Webinars or webcasts, as they are sometimes called, have increased in popularity and in effectiveness within the past 5 years or so. A common tool for today’s marketer they provide a great way to reach a large number of people with your message.
I believe in three simple rules for a successful webinar program:
- Understand and map your needs
- Choose the appropriate webinar platform
- Put in place a well documented webinar process
1. Understand and map your needs
First and foremost, you should list out all the ways in which your company will be using webinars and the platform. For example, typical uses of webinar software often fall into one or more of these categories:
- Online sales demos and presentations: a sales rep shares a PowerPoint presentation and his desktop screen while walking through a product demonstration.
- Marketing presentations and educational sessions: usually involving a moderator and a speaker, sharing PowerPoint slides and often making use of polling questions and maybe annotations to engage the audience.
- Online training: an instructor sharing PowerPoint slides, maybe sharing the desktop screen and using arrows, circles, and other annotation tools to illustrate a point.
- Technical support: a technical support representative with a customer on the phone where the customer shares control of his desktop and the rep troubleshoots.
OK, before you tell me that training and tech support are not part of the traditional definition of webinar, please bear with me for a moment and I’ll explain it in time.
Depending on the category, or type, of webinar usage you will be able to list out all the features you need. Each webinar platform has a set of features that can be useful or useless and why pay a premium if you don’t care whether circles can be drawn on the screen? An interesting way of looking at it is by making a grid on a sheet of paper or using a spreadsheet comparing your needs versus the features required.
Why list technical support and online training? Although often outside the marketing/sales spectrum, there are tools out there that may not only help with webinars but can also help with the needs of the tech support and professional services departments. Why not kill three birds with one stone? So don’t discard them completely until you have spoken to these departments and determined whether they should be included in the requirements grid or not.
2. Choose the appropriate webinar platform
Now that you have listed how you will be using webinars, you’re ready to investigate and fend off vendors. In your first conversation with a vendor, you should list all the uses (maybe even share the grid with them) for the tool you want to buy and ask for a demo showcasing the specific requirements you have. This way you make sure you control the sales process and don’t waste time with a tool that does not have a feature you consider critical.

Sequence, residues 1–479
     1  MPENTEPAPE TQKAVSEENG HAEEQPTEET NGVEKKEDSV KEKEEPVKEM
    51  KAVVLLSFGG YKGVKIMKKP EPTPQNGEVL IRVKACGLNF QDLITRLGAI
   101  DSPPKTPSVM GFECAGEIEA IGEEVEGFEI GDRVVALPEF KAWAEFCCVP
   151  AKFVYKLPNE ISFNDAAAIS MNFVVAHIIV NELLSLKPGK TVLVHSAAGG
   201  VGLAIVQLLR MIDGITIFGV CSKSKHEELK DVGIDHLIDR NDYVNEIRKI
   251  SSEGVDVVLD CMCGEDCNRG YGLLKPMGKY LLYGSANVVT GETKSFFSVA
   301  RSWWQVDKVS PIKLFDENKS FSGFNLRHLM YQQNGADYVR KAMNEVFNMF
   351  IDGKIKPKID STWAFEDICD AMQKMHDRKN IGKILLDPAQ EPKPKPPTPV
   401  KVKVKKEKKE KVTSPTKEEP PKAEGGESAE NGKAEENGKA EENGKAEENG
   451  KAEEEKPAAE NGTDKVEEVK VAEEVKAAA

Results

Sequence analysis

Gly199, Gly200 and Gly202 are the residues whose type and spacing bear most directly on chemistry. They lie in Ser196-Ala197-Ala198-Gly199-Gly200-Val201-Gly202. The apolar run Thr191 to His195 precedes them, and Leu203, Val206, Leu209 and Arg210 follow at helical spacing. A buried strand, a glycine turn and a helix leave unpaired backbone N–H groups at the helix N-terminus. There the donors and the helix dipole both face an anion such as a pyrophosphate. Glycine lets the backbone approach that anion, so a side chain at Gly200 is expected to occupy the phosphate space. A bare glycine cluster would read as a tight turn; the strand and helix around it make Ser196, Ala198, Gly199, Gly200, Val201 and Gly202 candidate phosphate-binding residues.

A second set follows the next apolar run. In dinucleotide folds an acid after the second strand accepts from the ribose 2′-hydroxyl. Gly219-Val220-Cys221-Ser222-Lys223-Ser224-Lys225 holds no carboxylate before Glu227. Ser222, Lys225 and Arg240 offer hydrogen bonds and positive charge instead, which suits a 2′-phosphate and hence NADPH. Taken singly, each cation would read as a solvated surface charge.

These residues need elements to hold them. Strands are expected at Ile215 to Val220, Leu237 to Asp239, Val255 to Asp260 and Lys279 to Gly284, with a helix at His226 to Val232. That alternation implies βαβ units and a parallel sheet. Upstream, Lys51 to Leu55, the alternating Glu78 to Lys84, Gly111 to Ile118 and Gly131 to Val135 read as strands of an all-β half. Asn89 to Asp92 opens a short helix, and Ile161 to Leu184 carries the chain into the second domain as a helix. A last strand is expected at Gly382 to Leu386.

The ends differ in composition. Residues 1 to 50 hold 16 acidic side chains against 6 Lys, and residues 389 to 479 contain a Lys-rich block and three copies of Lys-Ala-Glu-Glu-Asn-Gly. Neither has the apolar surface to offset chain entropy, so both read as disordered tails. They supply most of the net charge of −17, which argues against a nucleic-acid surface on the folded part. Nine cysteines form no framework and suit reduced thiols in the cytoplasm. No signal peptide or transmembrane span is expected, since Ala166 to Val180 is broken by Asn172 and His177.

Some of the most used webinar providers are:
– Microsoft LiveMeeting
– Adobe Connect
– GoToMeeting / GoToWebinar
– Lotus Sametime
If you do a quick Google search many others will show up, including free ones like:
The Web Conferencing Council has some good information on webinars and has recently released a whitepaper comparing some of them.
One other thing to consider is the teleconference provider, especially for your marketing webinars that are likely to have dozens of attendees. Some webinar providers have their own conferencing service (GoToMeeting / GoToWebinar offers one for free and Adobe Connect users needs to use Premiere Global for an extra fee), so you should ask the question during your evaluation. The price for phone conferencing will increase the overall costs for your webinars.
3. Put together a well documented webinar process
Now that you have the tools in place, you should think carefully about the procedure to be followed for webinars, especially for the marketing webinars where multiple attendees are involved. Online lead generation events are more effective when there’s a formal procedure that is followed every time, preventing occasional glitches from happening. Thing of the following:
– When should a new session / room / webinar (the terminology varies according to the platform) be reserved?
– How will registrants get login information? Some webinar providers handle this process for you.
– Do polling questions need to be prepared in advance and uploaded?
– Do slides need to be prepared in advance and uploaded?
– Will registrants be contacted by email or phone prior to the webinar to ensure attendance?
– Will the online event be recorded? Should any special steps be taken in this case?
– Should a moderator make opening remarks and help with Questions and Answers?
These are only some of the questions that you should ask yourself as you are setting up your company’s webinar program.
Webinars, webcasts, online events, and whatever other name you have for this can be expertly handled once you know your requirements, have done vendor due diligence, and setup a process that can be followed and standardized.
I hope these simple tips will help you with your webinar initiative!